Antarctic Research

I’ve been collecting articles about the antarctic, for future use in podcasts relating to what is happening there.  While my interest is in the nations with competing claims over pieces of the antarctic, I’m also interested in how global warming is speeding up the ice melting there and what happens as a result.

One story I read today, was about the animal known as “pink gold” or “krill”, which is abundant in Antarctica.  According to the article, Krill are:

small shrimp-like crustaceans which with modern technology can be used in fish feed, human dietary supplements, soya sauce flavoring, pharmaceuticals, or even to clean the paintings of Old Masters .

The list of uses and benefits of Krill go on and on, and well worth reading. But there is also a great danger that they are being overfished, which brings a whole other list of problems for the antarctic ecosystem.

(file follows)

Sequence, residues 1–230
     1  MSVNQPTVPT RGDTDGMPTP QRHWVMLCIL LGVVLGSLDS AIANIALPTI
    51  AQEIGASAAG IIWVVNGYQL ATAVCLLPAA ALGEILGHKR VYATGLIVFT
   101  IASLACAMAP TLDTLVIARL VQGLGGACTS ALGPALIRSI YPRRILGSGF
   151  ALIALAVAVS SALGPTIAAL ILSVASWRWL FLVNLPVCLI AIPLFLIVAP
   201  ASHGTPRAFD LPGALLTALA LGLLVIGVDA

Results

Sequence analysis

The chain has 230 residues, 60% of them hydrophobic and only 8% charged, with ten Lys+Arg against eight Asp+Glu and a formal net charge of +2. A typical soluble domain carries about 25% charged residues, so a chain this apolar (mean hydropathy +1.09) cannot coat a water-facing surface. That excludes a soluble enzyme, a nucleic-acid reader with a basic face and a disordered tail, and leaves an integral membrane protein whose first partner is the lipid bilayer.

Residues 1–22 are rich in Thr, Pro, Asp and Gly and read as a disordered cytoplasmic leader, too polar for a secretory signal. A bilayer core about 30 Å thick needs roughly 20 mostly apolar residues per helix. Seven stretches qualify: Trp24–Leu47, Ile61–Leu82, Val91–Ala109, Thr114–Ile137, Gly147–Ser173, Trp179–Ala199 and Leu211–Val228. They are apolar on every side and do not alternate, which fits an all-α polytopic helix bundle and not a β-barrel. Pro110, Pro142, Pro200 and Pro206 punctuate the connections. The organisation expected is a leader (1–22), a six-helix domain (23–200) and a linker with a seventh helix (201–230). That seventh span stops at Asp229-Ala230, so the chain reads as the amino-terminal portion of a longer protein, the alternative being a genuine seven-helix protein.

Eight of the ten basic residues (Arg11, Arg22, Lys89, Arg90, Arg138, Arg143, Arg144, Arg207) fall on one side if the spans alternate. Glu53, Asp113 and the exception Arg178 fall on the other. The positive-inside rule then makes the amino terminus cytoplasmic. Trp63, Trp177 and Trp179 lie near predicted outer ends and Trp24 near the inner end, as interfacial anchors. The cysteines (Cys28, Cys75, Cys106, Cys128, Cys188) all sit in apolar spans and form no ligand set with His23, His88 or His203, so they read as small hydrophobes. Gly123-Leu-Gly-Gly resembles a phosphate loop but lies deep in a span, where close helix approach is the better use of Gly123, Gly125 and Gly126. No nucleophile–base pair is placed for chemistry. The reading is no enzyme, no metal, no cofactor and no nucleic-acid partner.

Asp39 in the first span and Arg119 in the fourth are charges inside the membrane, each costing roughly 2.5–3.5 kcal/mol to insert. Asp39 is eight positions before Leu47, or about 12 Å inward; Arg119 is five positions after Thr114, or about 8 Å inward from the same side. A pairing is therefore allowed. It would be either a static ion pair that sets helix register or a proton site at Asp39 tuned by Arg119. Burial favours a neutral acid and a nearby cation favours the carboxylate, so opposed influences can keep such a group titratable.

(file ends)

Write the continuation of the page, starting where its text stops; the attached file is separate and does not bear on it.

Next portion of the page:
Another issue is invasive species.  Wherever you live you certainly come into contact with some type of invasive species; plant or animal life that is not native to your area but was introduced somehow and becomes overwhelming to all others and in turn damages the ecosystem.

In the case of Antarctica, scientists and tourists have apparently unknowingly caused invasive species to appear there.  Even the smallest of  moss or mold, or even rats coming off visiting ships, are a huge risk to Antarctica which is known for never having experienced any type of major invasive species.

The learning continues… related podcast coming soon.